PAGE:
In public, the talk is solely of “cooperation.” But make no mistake about it: There is a war afoot for the soul of the lower Manhattan redevelopment project. On one side stands Manhattan’s powerful business interests. When the businessmen speak about rebuilding downtown, they talk of office buildings, corporate retention and the city’s tax base. On the other side are the planners and dreamers, the people known-affectionately or derisively-as the “goo-goos.” They look at the site of tragedy, and they see a blank slate. Undaunted by the fact that they don’t own or control anything, they’ve formed an assortment of ad-hoc committees, with names like “New York, New Visions,” and missions to re-imagine the way life is lived in lower Manhattan.
So far, the businessmen-like John C. Whitehead, the former Goldman Sachs chief who chairs the Lower Manhattan Development Corporation, and Larry Silverstein, the developer who claims control of the 16-acre World Trade Center site-have dominated the debate. But one question remained: Where would the sympathies of Mayor Michael Bloomberg lie? In approaching rebuilding, would the Mayor govern like the billionaire founder of Bloomberg L.P., or the gentleman philanthropist who showered millions on the city’s civic groups?
So it’s no small matter that, on Jan. 15, Mr. Bloomberg appointed Amanda Burden as chairman of the City Planning Commission. Ms. Burden, a longtime member of the commission, is notable both for her friends-a fixture on the city’s social circuit, she’s a darling of civic groups like the Municipal Arts Society-and for her enemies. Her candidacy prompted opposition from some in the city’s powerful real estate industry, who regard her interest in urban design with suspicion.
Now Ms. Burden will become the city government’s voice in planning the future geography of lower Manhattan. But more than that, her appointment is one of the clearest indications to date of the course Mr. Bloomberg plans to chart in the complex, high-stakes public debate over how best to commemorate and rebuild.
It appears the Mayor is a bit of a goo-goo.
“For a change, [Mr. Bloomberg] put someone in there who seems to really have expertise and interest in planning,” said Jonathan Bowles, research director for the Center for an Urban Future. “This not just the Mayor tipping his hat to the real-estate community. From what I’ve seen, Amanda Burden is someone who’s a real planner, interested in and committed to involving the civic community.”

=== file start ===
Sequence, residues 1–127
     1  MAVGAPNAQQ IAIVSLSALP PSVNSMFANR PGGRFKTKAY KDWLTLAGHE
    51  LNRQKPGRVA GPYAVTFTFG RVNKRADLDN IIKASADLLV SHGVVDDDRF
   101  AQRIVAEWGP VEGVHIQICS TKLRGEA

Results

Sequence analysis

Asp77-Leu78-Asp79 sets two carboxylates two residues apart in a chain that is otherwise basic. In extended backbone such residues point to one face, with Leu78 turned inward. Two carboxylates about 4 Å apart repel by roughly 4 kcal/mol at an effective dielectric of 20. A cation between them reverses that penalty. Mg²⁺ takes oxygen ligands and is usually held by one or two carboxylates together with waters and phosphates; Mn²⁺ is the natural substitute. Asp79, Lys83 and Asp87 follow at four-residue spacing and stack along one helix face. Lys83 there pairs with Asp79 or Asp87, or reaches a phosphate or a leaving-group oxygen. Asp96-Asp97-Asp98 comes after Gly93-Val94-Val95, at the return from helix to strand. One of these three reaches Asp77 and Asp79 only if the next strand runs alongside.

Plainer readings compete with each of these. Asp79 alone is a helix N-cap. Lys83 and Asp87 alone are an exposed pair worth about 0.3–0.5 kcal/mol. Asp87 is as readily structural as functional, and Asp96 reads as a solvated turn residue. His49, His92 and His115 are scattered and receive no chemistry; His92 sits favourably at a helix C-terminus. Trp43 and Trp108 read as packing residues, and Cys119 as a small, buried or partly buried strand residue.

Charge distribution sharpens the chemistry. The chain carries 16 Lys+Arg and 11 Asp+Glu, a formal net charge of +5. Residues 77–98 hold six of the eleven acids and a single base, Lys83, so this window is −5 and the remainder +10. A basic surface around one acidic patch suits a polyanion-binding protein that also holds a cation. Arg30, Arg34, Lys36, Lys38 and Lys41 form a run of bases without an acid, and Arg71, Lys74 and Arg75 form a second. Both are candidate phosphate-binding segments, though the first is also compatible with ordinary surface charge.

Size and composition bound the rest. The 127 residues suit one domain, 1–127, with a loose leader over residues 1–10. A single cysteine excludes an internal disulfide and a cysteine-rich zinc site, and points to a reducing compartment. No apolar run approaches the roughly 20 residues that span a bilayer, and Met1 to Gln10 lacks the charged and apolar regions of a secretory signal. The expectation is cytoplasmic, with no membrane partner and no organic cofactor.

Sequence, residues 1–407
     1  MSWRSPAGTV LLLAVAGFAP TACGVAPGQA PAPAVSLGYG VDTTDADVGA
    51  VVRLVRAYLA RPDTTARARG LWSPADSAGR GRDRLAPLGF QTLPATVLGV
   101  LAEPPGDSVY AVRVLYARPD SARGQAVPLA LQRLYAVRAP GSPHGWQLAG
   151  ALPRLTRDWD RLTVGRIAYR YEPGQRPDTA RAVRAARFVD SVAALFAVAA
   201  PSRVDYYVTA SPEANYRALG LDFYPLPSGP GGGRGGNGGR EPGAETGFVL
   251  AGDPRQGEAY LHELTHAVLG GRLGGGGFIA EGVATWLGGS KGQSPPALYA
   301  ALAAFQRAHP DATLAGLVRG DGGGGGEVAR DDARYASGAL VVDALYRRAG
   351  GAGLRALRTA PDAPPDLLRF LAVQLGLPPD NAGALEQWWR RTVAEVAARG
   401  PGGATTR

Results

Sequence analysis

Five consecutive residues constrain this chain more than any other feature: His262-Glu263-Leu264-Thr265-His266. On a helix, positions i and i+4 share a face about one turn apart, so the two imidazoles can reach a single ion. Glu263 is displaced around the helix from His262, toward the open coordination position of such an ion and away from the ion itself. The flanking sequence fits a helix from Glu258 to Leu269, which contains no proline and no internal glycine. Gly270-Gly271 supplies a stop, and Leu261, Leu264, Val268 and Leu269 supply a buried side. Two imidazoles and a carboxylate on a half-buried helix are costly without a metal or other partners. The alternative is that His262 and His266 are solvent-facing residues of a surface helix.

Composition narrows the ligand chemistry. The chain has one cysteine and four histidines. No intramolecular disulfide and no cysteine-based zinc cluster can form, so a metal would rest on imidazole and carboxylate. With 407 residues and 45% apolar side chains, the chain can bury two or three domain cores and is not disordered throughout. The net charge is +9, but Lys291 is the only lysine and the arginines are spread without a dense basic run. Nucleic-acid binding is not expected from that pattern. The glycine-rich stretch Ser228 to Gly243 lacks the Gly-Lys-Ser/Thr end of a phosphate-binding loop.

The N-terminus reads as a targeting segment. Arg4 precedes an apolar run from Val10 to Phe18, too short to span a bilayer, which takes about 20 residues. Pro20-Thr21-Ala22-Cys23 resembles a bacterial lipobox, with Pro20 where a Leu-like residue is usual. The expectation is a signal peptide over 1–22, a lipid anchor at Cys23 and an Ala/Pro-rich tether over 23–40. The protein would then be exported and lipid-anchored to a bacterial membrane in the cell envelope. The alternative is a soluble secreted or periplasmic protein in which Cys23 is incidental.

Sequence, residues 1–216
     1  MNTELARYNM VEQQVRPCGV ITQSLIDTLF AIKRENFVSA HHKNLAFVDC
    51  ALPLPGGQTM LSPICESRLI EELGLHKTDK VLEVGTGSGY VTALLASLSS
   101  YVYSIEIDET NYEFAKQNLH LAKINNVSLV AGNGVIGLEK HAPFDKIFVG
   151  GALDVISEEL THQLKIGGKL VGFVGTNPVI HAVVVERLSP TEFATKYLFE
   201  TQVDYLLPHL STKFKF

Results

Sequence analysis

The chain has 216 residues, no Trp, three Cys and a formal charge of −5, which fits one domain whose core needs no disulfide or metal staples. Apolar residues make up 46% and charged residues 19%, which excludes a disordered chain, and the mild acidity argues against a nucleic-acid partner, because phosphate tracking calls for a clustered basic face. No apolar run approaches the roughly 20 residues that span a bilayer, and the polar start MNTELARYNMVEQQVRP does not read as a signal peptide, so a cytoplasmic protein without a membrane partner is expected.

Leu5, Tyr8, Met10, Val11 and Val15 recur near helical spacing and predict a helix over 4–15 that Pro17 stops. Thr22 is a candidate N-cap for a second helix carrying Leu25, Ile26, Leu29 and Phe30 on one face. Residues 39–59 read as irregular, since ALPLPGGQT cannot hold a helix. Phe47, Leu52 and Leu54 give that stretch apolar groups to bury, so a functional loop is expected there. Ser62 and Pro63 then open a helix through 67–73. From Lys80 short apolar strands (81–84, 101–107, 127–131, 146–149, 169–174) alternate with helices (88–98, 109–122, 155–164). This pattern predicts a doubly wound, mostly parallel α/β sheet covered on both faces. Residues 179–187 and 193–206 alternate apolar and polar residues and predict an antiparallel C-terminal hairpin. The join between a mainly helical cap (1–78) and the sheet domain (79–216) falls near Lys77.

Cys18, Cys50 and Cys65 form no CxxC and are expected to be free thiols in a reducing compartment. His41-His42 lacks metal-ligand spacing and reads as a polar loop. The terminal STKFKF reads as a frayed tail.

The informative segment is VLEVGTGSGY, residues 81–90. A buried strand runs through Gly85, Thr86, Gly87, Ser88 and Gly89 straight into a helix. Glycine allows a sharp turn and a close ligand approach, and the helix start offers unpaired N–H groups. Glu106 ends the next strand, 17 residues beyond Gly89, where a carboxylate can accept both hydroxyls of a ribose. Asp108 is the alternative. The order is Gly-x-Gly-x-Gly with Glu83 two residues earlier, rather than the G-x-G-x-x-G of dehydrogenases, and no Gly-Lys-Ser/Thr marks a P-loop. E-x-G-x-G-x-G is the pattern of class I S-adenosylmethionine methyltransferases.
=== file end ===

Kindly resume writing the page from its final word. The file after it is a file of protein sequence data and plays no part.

Like almost everyone else in the Bloomberg administration, however, Ms. Burden is in the uncomfortable position of having to wait and see how much say she’ll have over lower Manhattan’s redevelopment. Mr. Whitehead’s state agency possesses far-ranging powers to bypass city zoning regulations and the approval of government bodies like the planning commission. At a press conference announcing her appointment, however, Mr. Bloomberg maintained that the city would play a large role in the planning, and Ms. Burden said that her jurisdiction, which extends over the entire city, would give her leverage.
“We have to work together and City Planning obviously plays a key role, because of everything else that connects to the World Trade Center site,” Ms. Burden said.
Ms. Burden could not be reached for further comment after the press conference.
None of this is to say that Mr. Bloomberg has abandoned the business community. His new Deputy Mayor for Economic Development, Dan Doctoroff, is highly regarded among business leaders, many of whom he wooed for years as the head of the effort to bring the 2012 Olympics to the city. The new head of the Economic Development Corporation, Andrew Alper, comes from Goldman Sachs. Mr. Bloomberg emphasizes at every turn the need for economic development at the World Trade Center site.
But he’s been very vague about what kind of economic development he’s thinking about. And that’s why Ms. Burden’s selection is significant. At the press conference, Mr. Bloomberg called Ms. Burden “exactly the right kind of person to combine the meat of economic development with sensible planning and quality planning.”
It’s the way Ms. Burden has advocated combining those elements-development and design-on the planning commission that has some in the real-estate industry unsettled.
“I think there’s a concern about the prejudices she may bring to the position,” said one developer. “I don’t think she was at the top of [our] list. But I think we feel that we can work with her, since we have no choice.”